Our shallow perception of criminal court trials is devoid of any mathematics whatsoever unless it’s the dollar amount of fraud or number of victims. (Yes, I’m including some of you, lawyers too. :P) But as a person who lightens up when a seemingly different matter draws from a concept of pure/abstract mathematics, I was partly in awe and partly cynical of the way a court trial decision is taken given all the caveats of the law and the evidence.
The postmodernism-enthusiast-me would agree with the real me when I say that nothing can be really be distinguished as real or fake.
You saw it “with your own eyes”? You could be dreaming/hallucinating.
You don’t hallucinate? You could be on heavy drugs or could be watching just a very realistic dream.
You don’t do drugs? You can be so much dependent on them that you’re in denial and perennially “under the influence”.
Everyone else saw that? Groupthink!
Everyone else individually and unanimously said they saw something? Someone could be setting you all up. (Just like the moon landing. Just kidding. :P)
Or worse, you could all have been bribed to say that by someone powerful.
Or even worse, can’t you all have Alzheimer’s?
I don’t know. And no one can really know.
The way we perceive the world is more of a “majority wins” approach.
It’s only a matter of how likely the above cases are within the bounds of our understanding of the world. Of course, if we’re all addicted to a substance called oxygen and actually going sober is what we call “death”, none of us can possibly know that. We’re here to hypothesize.
So if the defendant’s gloves are found around the victim’s dead body, what’s the probability that the guy is innocent yet they land up around there covered with blood. Perhaps, someone planted it. If we jail people based on little evidence, most perpetrators will be caught but that would lead to some innocents falling prey too. On the other hand, if our expectations from the evidence are unrealistically high, hardly any innocent will be charged but a lot many criminals will be enjoying a normal life outside prison. The basis of all criminal trials is to avoid false positives as much as reasonably possible even though that means some criminals going scot-free.
Just like any hypothesis test, we start with a null hypothesis – the default case – the status quo and the alternate hypothesis, what we are contesting to check if it’s true or not contrary to what we’ve been believing so far. Then we find the probability that the given evidence could have been there even if the person is innocent. This probability can’t be zero, especially when we’re talking about the past. But if it’s way too low, we can safely assume that it’s not just plain bad luck for the defendant and he is, in fact, guilty of the charges. This probability is called p-value in technical terms.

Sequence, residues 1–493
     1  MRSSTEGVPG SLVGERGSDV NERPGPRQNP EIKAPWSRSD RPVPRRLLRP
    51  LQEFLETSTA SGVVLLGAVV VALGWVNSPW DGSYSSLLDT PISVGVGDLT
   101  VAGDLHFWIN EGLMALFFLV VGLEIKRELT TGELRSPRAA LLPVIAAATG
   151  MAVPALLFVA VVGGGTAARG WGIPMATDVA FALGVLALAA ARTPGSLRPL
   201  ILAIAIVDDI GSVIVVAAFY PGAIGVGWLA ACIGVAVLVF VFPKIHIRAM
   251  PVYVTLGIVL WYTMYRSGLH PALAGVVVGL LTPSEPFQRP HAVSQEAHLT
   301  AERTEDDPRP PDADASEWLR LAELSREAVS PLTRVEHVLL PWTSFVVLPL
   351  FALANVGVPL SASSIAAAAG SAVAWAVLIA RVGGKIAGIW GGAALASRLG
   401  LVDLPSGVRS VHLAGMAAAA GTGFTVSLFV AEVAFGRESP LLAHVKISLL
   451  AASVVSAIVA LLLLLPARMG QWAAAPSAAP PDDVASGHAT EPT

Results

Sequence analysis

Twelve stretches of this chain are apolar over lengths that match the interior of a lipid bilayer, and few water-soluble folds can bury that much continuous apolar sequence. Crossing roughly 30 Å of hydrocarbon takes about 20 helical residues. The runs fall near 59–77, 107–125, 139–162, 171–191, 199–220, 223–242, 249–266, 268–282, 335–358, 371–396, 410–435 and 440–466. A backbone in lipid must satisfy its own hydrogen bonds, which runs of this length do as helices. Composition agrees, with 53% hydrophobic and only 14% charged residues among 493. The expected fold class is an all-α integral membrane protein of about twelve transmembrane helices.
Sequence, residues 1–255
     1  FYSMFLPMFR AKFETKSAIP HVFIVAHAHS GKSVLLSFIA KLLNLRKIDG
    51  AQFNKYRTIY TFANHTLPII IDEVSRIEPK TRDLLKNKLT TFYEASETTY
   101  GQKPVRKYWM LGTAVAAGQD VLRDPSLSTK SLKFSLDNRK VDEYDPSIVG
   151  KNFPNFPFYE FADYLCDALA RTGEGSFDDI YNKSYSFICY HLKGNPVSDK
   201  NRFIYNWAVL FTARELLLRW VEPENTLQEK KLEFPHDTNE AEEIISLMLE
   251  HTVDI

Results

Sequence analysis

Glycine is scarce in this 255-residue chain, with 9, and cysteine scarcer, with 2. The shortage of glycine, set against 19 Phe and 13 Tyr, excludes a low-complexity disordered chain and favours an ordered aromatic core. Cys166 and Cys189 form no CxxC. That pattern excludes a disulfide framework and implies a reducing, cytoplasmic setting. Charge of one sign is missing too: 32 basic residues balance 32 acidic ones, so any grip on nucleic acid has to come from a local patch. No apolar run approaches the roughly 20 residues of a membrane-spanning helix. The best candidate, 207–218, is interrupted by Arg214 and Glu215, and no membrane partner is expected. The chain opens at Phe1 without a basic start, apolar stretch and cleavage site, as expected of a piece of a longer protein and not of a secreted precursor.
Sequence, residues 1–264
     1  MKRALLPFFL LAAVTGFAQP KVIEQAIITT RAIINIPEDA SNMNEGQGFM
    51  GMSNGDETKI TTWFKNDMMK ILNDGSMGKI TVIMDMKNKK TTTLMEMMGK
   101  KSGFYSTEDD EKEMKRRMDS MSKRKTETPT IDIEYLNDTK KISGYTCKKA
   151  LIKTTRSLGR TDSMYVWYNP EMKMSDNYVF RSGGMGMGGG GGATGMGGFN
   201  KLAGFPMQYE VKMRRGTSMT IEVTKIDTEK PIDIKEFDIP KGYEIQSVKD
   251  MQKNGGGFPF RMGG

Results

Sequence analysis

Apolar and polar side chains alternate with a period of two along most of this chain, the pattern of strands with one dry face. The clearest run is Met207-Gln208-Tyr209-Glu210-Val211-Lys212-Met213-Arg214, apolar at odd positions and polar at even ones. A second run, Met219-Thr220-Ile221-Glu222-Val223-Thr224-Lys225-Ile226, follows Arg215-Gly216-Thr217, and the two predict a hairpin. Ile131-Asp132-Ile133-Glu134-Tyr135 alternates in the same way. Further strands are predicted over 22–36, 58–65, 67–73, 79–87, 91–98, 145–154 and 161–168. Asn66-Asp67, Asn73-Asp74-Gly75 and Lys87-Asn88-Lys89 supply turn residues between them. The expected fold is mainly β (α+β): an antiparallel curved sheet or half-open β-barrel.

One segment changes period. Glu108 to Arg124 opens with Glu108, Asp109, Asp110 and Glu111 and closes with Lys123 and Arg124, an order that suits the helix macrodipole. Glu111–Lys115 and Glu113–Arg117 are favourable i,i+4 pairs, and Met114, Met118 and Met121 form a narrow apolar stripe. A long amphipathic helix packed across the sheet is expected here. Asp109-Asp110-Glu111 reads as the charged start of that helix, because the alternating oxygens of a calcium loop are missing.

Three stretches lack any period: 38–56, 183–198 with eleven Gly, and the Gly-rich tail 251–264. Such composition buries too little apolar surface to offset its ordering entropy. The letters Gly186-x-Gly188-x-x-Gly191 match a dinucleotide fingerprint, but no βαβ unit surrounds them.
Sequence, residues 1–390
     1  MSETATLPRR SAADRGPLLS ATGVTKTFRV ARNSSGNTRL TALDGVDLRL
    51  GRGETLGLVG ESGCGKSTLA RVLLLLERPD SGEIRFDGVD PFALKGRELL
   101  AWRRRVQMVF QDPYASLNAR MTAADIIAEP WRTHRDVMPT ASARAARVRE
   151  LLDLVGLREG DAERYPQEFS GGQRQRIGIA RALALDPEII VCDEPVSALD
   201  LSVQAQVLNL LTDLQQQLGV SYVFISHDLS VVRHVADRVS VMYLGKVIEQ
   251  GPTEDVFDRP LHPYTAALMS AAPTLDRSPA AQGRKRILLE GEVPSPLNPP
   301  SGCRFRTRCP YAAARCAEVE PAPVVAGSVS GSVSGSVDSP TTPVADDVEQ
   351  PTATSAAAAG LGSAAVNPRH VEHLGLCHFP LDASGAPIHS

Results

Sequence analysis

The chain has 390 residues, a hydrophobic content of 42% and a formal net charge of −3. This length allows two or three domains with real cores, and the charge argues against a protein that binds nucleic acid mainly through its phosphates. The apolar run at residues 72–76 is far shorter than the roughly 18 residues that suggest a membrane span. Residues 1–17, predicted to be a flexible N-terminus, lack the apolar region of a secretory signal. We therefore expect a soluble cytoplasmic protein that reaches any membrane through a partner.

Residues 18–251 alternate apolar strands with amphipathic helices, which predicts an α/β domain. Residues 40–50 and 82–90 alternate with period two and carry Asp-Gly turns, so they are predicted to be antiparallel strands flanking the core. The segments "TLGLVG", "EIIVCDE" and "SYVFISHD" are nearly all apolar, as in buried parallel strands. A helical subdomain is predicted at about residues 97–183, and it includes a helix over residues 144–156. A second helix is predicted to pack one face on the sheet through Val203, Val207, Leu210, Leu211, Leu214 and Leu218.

Even though the person is charged with the crime, at the beginning of the trial (and until the jury declares otherwise) the accused is assumed to be innocent. Only if overwhelming evidence of the person’s guilt can be shown is the jury expected to declare the person guilty-otherwise the person is considered innocent.
Now that we understand the gravity of this p-value. Let me tell you a depressing story which will hopefully make you feel better about your current life, at least that’s why I read depressing stuff :D.
Once upon a time (back in the 90s), an affluent English solicitor named Sally Clark had a baby boy. But the child couldn’t survive longer than a few weeks, dying of “sudden infant death syndrome”, a mere beginning of a series of unfortunate events that shaped her life forever. She and her husband decided to have another baby after a couple of years and were blessed with another son. But as luck will have it, he died of similar condition as well. On both occasions, she was alone with the child at her home and was still coping with the depression caused by losing her first-born when she lost her second son too. And if that is not enough distress for the couple, they were arrested for their sons’ murder. Sally was portrayed as the child-killer, while her charges against her husband were dropped. A pediatrician professor testified against her quoting a chance of two children from an affluent family suffering from cot death as 1 in 73 million. He had assumed these two events as independent events, suggesting no influence of genes or environment for siblings suffering this tragic death. This flawed number suggests it was highly unlikely that the kids died of natural deaths, and must have been killed by their mothers. She was subsequently convicted with a 10-2 verdict against her and sent to prison where she was bullied and she became increasingly depressed.
Her husband left his job, started working as a lawyer, sold their home to fund the trials. He appealed the decision and she was released after 3 years of imprisonment after it was evident that the statistical evidence presented was deeply flawed. However, she never was able to cope up with the trauma and died after a few years of alcohol poisoning (or suicide).
Since then, there have been several research studies on the weaknesses and problems a simple statistic can have when considering matters of life and death for court trials, but provided a lot of us still have a jury system, I am not very confident of how far we’ve come.